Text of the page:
Becoming a smart factory

Features - Design & Automation

Take time to invest in people and develop detailed plans to transform facilities into factories of the future.

December 7, 2020

The Smart Flow solution will display real-time work-in-progress location, activity, priority, actions required and wait times.

Aerospace manufacturers must be aware of how technology is changing to be ready to adopt smart systems to compete at a national and global level. Smart factories gain clear visibility into process flows, and they are better able to manage the complexity of high-mix production.

Insights into how well work flows through operations allow business leaders to manage priorities if issues occur and they can make the necessary changes using process control.

What needs to happen to successfully install these systems and achieve a competitive advantage? James Crean, co-founder, president, and CTO of Crean Inc., says it’s about fully integrating three key aspects – people, processes, and technology.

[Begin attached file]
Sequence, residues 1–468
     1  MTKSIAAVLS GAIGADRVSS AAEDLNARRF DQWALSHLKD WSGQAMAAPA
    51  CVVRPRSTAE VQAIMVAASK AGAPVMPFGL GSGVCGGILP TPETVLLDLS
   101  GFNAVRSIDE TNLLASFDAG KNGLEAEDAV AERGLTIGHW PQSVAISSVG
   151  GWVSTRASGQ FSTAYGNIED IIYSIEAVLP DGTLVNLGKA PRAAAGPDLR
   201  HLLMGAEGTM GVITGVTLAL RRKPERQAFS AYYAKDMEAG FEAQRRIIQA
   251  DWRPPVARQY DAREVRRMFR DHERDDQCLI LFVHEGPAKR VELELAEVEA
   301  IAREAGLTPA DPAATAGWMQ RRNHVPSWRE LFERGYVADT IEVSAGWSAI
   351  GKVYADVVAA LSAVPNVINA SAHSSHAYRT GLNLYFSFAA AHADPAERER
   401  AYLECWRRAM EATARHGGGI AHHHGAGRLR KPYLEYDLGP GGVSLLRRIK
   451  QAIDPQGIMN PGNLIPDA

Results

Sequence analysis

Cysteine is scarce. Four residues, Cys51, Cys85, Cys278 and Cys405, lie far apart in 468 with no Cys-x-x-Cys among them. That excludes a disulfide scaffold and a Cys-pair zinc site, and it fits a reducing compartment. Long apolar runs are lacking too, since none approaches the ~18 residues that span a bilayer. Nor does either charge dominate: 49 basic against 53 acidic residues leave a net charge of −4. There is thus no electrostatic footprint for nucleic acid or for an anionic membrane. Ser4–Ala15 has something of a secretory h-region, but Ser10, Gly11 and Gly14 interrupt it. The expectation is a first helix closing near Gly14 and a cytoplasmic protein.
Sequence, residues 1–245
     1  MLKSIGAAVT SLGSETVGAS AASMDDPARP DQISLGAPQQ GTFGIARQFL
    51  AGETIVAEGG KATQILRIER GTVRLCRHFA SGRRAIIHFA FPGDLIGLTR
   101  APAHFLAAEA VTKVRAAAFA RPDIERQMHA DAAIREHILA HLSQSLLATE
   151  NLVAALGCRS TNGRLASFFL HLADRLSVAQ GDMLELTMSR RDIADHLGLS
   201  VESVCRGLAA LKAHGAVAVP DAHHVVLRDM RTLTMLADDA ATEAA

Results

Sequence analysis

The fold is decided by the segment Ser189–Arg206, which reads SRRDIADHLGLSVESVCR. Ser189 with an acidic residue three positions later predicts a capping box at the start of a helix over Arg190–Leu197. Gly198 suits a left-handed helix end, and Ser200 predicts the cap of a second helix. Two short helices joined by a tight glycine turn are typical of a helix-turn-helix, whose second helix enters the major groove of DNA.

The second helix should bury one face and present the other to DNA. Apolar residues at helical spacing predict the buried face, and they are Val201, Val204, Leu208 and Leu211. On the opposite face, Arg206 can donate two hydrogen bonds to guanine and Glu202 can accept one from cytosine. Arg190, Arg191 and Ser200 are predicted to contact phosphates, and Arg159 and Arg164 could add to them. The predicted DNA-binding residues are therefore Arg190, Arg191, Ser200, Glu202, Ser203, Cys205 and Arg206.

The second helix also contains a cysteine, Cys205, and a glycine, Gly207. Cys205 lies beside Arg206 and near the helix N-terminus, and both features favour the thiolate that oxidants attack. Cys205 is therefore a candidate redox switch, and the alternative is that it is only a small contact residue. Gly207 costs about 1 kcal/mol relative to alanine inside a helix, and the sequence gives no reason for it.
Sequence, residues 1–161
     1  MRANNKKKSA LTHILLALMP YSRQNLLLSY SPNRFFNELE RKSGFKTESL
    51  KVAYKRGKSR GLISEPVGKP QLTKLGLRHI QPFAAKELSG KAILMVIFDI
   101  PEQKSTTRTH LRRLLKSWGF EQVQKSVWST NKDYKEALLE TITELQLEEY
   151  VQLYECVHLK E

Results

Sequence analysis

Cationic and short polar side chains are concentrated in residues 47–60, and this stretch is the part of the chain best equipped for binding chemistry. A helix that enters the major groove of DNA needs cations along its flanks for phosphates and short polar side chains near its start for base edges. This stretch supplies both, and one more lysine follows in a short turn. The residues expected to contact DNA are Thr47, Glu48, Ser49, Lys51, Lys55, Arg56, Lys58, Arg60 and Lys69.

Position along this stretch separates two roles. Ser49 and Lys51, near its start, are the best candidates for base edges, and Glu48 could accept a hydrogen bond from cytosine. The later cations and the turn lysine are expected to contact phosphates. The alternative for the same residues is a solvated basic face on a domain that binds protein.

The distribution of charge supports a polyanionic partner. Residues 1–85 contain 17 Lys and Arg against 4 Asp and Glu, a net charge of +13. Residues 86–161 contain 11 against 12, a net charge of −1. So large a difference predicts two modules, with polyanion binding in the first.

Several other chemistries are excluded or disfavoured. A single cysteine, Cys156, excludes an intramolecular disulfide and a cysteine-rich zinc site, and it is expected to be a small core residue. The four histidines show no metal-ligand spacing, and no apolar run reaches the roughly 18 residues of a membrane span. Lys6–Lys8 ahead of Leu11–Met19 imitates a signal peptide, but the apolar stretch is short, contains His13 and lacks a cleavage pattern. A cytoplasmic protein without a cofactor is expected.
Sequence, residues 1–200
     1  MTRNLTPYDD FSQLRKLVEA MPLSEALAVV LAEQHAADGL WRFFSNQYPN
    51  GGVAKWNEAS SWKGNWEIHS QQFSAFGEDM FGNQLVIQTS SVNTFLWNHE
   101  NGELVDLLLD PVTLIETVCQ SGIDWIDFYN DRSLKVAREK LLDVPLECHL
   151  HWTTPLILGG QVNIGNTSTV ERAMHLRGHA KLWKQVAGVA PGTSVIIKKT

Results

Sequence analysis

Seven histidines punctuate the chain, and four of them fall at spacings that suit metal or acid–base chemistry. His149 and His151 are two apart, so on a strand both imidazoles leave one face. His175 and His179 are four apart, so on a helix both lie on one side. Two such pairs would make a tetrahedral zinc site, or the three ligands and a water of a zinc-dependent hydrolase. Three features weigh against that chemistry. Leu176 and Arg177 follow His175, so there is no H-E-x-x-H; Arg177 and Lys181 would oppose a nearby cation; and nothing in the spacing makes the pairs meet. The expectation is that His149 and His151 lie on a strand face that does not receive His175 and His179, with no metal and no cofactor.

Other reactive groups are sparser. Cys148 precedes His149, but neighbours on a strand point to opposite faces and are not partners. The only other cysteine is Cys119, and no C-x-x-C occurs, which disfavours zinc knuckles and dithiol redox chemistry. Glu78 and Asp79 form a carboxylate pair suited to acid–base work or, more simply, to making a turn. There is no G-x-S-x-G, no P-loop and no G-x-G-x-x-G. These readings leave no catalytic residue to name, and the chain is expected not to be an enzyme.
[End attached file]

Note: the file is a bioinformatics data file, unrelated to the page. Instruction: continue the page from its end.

“The technology is there, and it’s continuing to evolve very rapidly,” Crean says. “It’s critical to not just have a technology solution but a people solution and a process solution that goes along with that and is integrated. Technology is only one part of the equation.”

Photos courtesy of Crean Inc.

Keep the end in mind

When identifying how to adopt smart technologies, companies should develop a clear list of solid goals and objectives for specific projects.

“For business leaders who are implementing a smart factory, they need to understand that it takes an integrated approach with a cross functional team, and whether that includes outside experts or not, you’ve got to have the right folks on the team to begin with,” Crean says.